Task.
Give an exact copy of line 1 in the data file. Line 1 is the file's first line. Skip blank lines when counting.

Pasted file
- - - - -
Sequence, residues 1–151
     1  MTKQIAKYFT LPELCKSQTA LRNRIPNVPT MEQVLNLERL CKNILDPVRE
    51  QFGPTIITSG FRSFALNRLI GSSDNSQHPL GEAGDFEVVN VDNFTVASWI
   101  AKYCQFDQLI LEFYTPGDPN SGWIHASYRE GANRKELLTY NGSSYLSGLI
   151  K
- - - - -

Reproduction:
Sequence, residues 1–151